Connect, share and rock being a mentor to a first year teacher. Here are 3 things I think are helpful to starting and creating a good working relationship when you mentor a first year teacher.
This question came from a reader:
What tips do you have for mentoring a first year teacher?
Today, I hope I can help get you started with what to do if you’re mentoring a new teacher.
Are you in a position to mentor other teachers? In many schools today, teachers with years of experience can fill the role of mentor teacher to a first year teacher. If you’re in the same grade level – great! If not, it can still totally work.
Mentor a First Year Teacher? You can do it!
Let me start off by saying good for you.
It can be a challenge to take on this additional role, though it can be a fulfilling one. I’m personally grateful for having someone to go to my first year knowing they wanted to see me succeed and were willing to share.
I know just by you reading this post that you’re looking for ways to give your first year teacher mentee the best. They are in good hands.
Now – let’s get to it!
First Things First
Let me help you coach them!
If the first year teacher teaches kindergarten – have him or her sign up for my 2 week back to school email bootcamp right away and allow me to share my best secrets and tips.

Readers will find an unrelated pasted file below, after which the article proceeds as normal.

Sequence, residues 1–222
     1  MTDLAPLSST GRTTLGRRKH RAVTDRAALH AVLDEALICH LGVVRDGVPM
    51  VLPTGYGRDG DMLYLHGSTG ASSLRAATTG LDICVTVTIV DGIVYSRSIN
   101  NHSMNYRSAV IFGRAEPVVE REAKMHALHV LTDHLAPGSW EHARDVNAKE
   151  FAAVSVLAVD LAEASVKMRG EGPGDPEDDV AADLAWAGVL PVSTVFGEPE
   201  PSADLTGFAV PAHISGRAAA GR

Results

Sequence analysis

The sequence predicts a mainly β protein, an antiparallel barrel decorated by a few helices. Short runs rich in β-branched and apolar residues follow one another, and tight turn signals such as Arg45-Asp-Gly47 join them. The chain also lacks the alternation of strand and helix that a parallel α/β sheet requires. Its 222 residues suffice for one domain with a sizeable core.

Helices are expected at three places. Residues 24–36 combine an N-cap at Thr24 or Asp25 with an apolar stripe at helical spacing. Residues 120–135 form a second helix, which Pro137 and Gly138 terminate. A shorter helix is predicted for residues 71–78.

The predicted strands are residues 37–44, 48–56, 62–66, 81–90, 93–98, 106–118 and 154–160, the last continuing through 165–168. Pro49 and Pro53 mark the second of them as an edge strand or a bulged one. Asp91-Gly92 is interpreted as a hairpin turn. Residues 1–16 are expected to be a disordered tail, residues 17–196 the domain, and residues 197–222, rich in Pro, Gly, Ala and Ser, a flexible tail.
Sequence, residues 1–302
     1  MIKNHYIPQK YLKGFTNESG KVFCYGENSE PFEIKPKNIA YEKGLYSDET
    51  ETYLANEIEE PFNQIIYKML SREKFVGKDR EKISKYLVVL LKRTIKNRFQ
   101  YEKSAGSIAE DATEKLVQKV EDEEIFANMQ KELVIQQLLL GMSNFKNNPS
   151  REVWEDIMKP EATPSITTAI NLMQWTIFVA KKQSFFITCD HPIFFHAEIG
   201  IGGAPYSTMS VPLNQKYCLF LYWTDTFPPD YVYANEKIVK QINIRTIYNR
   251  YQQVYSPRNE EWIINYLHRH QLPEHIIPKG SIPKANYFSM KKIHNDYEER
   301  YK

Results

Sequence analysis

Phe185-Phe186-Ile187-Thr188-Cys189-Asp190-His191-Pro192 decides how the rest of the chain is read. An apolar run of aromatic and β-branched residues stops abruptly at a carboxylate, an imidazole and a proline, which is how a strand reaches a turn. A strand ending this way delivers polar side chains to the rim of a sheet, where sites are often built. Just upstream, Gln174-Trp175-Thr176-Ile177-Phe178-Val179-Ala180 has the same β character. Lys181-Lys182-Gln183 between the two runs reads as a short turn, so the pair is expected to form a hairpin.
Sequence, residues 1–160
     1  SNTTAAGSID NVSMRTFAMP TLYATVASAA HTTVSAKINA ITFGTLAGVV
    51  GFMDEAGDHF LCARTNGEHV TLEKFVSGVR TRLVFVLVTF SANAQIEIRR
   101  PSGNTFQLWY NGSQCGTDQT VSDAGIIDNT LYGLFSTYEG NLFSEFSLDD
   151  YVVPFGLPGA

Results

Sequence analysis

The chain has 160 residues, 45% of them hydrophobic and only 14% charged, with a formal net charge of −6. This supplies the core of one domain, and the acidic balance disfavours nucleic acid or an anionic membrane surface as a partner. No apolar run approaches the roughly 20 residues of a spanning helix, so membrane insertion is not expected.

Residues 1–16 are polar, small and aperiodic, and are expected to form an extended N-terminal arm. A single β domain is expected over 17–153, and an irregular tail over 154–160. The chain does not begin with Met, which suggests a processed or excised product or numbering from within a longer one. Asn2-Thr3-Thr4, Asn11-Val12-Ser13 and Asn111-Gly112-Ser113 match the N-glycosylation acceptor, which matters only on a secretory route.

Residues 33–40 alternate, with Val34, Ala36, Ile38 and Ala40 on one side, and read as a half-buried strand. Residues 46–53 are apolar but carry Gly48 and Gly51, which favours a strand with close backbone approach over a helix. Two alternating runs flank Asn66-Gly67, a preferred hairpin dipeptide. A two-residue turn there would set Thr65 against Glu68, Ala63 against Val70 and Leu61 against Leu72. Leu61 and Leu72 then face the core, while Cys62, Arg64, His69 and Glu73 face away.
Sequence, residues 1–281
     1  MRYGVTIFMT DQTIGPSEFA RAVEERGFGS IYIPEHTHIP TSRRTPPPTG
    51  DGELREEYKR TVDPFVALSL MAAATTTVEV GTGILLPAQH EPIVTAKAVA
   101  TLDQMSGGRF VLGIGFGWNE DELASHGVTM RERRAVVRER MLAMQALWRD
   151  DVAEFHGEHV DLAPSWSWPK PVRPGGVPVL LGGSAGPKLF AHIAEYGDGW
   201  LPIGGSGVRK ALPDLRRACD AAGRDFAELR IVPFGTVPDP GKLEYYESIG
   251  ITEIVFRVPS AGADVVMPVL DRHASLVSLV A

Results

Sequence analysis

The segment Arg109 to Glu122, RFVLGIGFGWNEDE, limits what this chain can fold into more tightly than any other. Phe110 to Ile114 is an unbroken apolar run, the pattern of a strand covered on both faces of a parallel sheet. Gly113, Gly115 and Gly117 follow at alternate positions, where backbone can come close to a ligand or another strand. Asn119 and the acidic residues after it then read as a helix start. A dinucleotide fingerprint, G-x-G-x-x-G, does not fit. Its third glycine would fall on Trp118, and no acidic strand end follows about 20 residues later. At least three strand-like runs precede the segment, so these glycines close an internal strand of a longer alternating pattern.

If you sign up too (or have already gone through it before) then you have good stuff for teachers new to kindergarten to talk about right off the bat.
I give my best tips on starting out the school year by hitting all the little stuff that matters most and how to use standards as your filter for what to teach in the long run.
Share Your Style
I recommend sharing your planning system (binder, etc.) so they can see a live example and make something similar if it fits their style.
Though keep in mind it may just not be a good fit for them. Which says nothing against yours.
You can show them my binder too.
Show them how you organize your filing cabinets or computer folders (if using a computer is a strength of yours) so they can think about how to organize everything they do/receive/download this first year to have access to it later on and next year.
Start the Conversation
Try to have open dialogue as much as possible about what they’d really like from you… so you can help where they want it most. Do this regularly if possible.
Be straightforward about best ways to communicate for you (email, chatting before/after school, etc.). When you mentor a first year teacher, you will be investing extra time.
This simple step can help you avoid adding too much extra to your plate time-wise.
This one may be a little uncomfortable to ask, but I think may be smart to ask something like…
“If I see you doing something that I think may be not in the best interest of your students, do you want me to say something to you about it?”
If you get a yes, then you can have permission to give unasked for advice when the situation warrants – otherwise – unasked for advice is just criticism. That can quickly damage a working relationship.
Of course you use that permission only with sensitive situations and that permission shouldn’t be used lightly.
I hope those thoughts of mine can give you a starting place to work from as you generate your own list of what being a mentor teacher means to you.
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